Monday, March 11, 2013

How First Graders Take Notes

I'm almost embarrassed to share this idea.  In fact, I didn't share it a year ago at this time of year for that very reason.  It's really rather simple and nothing fancy, but very few things in my room are.  Not that there's anything wrong with fancy.  It's just not the way I typically roll.  Simple, but hopefully effective, is what tends to dictate my classroom practices.  

We've been learning about presidents and certain symbols of our country for a few weeks, and my kids take notes about their learning.  This is the little speech I repeatedly give them...

"When we put so much information into our schema files, they get so full that sometimes things fall out.  Kids in high school and college have this problem too, so they take notes about all the things they're putting in their schema files.  When they write about the things they are learning, it helps glue them into their files.  So today you get to be like high school and college kids and take notes too."  Yeah, they think they're pretty cool.  

I expect each of them to write two things they learned about the topic.  Then I double dog dare them.  If they write more than two, they officially become an expert or historian about the topic.  Again, they think they're pretty cool.

In addition to content, I stress capitals and punctuation, which aren't things that I typically stress during writing workshop when we're more focused on developing content and ideas.

Here are pictures of some of their notes.  

He was a soldier.  His face is on a quarter.  He measured land.  He  liked to ride horses.
 He was shot on the head.  He liked to read books.  He was a farmer.  He was a lawyer.  His face is on the penny.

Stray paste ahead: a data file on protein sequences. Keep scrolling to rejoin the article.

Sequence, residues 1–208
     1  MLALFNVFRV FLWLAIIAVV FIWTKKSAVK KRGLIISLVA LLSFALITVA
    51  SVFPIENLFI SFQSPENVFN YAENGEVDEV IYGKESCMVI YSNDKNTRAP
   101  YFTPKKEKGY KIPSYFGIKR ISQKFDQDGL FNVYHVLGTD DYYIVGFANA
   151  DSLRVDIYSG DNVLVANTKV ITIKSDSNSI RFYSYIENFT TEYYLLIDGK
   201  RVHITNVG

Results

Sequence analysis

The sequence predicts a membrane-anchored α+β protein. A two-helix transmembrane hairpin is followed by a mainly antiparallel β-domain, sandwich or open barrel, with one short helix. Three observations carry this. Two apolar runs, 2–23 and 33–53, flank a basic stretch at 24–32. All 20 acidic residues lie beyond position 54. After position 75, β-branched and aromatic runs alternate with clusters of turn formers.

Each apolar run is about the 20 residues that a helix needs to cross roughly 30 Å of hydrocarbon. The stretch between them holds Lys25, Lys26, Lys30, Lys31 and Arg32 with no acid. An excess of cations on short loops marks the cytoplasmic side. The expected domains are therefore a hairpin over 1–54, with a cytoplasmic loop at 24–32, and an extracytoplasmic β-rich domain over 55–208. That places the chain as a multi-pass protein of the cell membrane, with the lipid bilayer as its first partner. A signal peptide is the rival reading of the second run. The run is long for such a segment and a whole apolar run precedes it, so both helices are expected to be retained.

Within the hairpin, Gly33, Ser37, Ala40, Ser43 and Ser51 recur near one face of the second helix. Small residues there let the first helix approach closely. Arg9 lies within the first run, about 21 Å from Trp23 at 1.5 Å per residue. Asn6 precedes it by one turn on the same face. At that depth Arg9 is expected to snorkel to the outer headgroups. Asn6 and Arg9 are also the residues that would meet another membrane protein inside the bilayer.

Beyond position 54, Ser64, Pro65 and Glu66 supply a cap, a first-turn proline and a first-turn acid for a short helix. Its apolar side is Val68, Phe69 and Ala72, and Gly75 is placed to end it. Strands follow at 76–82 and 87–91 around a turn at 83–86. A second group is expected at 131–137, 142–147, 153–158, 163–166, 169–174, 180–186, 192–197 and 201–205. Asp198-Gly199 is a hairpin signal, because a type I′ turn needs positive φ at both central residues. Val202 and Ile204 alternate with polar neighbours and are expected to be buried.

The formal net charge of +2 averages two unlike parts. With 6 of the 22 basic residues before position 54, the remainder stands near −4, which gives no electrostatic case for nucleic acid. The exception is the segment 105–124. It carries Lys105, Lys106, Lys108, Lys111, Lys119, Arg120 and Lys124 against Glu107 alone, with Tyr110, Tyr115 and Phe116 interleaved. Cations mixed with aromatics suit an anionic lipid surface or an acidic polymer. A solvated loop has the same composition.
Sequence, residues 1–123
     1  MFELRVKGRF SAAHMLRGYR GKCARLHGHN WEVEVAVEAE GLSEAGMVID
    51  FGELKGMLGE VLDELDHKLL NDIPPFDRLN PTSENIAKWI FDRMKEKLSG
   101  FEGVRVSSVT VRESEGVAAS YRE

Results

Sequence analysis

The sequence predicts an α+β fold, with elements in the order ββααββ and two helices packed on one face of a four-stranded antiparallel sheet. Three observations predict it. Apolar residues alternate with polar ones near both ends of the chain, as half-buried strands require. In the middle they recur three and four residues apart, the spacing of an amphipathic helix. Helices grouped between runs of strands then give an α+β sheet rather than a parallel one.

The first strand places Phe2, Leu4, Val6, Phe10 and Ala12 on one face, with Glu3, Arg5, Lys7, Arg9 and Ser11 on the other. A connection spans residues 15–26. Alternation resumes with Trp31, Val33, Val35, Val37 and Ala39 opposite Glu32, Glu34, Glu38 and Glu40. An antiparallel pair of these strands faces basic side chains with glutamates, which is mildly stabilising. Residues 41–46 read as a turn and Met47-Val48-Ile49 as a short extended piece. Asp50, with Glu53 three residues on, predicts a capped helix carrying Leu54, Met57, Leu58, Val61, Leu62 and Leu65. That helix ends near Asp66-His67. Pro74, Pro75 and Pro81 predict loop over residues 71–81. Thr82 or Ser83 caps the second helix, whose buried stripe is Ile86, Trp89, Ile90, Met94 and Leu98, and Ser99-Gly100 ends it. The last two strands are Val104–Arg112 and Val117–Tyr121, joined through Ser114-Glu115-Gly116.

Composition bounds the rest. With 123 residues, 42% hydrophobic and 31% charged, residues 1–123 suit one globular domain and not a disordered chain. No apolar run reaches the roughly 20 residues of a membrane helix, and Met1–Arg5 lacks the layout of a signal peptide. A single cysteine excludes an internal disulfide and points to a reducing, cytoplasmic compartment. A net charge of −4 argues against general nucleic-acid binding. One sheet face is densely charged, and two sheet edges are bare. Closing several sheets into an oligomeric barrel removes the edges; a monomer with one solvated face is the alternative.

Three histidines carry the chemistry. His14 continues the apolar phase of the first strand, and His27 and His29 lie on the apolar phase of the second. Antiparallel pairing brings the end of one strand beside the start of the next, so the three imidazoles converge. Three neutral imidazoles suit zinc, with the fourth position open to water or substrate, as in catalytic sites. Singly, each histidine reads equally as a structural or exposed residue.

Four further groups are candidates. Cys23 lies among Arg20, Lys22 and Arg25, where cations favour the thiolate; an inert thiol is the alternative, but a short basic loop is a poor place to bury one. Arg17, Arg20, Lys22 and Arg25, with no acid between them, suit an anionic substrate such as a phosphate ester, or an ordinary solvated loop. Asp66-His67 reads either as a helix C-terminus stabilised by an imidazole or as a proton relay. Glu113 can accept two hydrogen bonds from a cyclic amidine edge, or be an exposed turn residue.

There are 50 stars.  You should respect the flag.  The flag is special.  Never let the flag touch the ground.
 She means freedom.  You can go inside.  It was a present from France.  She was shipped in 214 boxes.  She was by a man in France.
The bald eagle is on the capitol.  You can't kill them.  They are on money.  They are on famous buildings.

Simple?  Yep.  Effective?  I believe so.

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  1. What a great way to teach note taking on their level and tying it into schema! Love this!
    Conversations in Literacy

    1. Lori, they do seem to get the hang of it and think they're cool too. :)

  2. I love it! I can totally do this with my second graders! Thank you so much for sharing.
    After they take their notes, do they store them somewhere or do they go home?
    Second Grade is Out of This World!

    1. Hilary, I'm glad to hear you can use this idea. My kids took their notes home at the end of the unit. :)

  3. This is great!! I like how everything is organized. Thanks for sharing.

    First Grade Lyons' Den